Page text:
This chapter examines the conceptualization and structure of global self-esteem (hereafter SE): that is, SE not tied to any particular societal context, personal attribute, social activity, or role (e.g., spouse and blues guitarist, physical appearance and intelligence, or school and work, respectively). Although there are several possible approaches to conceptualizing SE, we focus our examination on SE as an attitude people take toward their self à la Rokeach's (1968) widely accepted definition of attitude. Even though a multitude of SE measures exist (see Blascovich & Tomaka, 1991; Wylie, 1979), we limit our comments and analyses primarily to Rosenberg's (1965) oft cited and employed SE construct. We focus on the Rosenberg Self-Esteem Scale (hereafter RSES) because of its preeminence among social scientists and other students of SE.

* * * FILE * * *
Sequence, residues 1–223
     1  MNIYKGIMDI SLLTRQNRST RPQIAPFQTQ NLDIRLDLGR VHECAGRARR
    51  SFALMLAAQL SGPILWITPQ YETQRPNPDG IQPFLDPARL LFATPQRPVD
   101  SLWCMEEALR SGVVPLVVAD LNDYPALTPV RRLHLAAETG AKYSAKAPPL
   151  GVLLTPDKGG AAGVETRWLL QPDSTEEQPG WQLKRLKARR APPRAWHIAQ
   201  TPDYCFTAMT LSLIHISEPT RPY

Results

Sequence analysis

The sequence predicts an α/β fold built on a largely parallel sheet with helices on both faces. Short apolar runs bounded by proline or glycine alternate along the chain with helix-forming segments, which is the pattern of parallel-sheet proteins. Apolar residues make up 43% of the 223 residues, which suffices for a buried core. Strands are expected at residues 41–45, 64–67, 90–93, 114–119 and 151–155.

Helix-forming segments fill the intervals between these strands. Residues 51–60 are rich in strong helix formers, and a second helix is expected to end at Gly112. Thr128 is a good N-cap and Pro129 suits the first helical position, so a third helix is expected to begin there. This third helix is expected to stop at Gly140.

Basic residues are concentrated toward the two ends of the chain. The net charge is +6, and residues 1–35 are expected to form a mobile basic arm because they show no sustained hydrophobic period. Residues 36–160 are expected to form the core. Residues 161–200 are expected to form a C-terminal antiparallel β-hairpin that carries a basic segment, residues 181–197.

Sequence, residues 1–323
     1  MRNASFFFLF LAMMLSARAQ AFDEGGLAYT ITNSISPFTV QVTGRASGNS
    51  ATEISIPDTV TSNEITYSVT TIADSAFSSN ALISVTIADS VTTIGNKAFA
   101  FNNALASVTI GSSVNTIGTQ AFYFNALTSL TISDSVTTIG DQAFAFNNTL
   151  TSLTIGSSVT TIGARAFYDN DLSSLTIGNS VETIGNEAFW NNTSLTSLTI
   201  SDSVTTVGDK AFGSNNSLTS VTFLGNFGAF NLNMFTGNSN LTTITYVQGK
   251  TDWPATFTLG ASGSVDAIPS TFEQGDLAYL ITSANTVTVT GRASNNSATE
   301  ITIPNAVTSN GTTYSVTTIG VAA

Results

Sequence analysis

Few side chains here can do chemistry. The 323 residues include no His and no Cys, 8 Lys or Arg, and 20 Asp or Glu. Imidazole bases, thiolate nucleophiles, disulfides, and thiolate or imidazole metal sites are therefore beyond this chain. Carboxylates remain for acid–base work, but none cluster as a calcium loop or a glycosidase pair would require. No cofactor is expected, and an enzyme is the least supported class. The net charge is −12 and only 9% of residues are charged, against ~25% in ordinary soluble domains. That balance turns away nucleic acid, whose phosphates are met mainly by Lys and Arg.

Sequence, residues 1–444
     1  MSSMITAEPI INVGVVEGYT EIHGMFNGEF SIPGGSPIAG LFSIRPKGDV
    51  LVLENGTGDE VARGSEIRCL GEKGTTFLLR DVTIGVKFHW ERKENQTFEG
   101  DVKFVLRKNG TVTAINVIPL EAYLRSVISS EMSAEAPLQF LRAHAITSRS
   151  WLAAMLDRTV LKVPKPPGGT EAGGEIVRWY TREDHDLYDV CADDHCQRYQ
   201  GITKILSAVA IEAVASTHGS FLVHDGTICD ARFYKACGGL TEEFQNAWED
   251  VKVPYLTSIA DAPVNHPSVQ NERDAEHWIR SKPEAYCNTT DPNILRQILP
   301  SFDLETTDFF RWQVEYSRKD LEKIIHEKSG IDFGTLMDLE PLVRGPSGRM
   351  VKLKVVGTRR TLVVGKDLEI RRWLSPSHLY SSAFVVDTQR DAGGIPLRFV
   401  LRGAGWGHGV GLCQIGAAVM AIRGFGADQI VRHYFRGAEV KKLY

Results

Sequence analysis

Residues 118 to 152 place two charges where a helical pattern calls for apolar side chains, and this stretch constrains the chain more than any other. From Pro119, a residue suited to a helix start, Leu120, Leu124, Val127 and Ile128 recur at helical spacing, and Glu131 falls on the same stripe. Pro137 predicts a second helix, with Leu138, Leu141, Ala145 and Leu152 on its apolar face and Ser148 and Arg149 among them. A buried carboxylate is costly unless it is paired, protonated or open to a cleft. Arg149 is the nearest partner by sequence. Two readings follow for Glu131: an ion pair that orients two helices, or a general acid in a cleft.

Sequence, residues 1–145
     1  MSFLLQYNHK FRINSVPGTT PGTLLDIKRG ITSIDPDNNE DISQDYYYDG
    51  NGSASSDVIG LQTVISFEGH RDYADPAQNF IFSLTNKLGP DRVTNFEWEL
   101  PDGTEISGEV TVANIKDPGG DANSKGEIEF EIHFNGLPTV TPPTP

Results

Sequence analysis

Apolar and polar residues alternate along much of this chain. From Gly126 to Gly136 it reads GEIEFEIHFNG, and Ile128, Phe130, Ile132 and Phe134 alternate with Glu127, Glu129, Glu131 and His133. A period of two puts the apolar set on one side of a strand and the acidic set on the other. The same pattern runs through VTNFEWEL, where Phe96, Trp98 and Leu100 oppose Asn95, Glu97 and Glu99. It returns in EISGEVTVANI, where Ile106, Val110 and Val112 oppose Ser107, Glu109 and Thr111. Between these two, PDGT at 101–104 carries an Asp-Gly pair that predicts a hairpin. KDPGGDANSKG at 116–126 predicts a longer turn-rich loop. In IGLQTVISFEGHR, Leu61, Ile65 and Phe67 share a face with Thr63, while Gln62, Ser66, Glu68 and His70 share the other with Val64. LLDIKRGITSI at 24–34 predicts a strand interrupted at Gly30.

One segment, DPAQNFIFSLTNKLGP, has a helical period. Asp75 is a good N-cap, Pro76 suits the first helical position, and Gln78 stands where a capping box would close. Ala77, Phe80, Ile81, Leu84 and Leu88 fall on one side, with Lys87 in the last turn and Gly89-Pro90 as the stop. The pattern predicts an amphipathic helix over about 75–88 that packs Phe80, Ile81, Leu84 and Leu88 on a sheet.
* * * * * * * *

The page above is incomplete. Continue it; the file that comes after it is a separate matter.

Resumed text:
Our chapter has three specific, though interrelated, goals: a clarification, an expansion, and an analysis of the meaning, measurement, and structure of global SE. Our clarification revolves around three chief aims. First, we explore in detail how Rosenberg (1965) actually conceptualized SE. Oddly, despite a plethora of ink devoted each year to the topic, this has not been thoroughly addressed. As we shall show, a careful look at Rosenberg's original Guttman scaling instructions for SE reveals a rather surprising and counterintuitive idea of what it means to be a high SE person. Second, we hope to bring terminological unity and clarity to some SE terms and offer corrections for some past imprecision.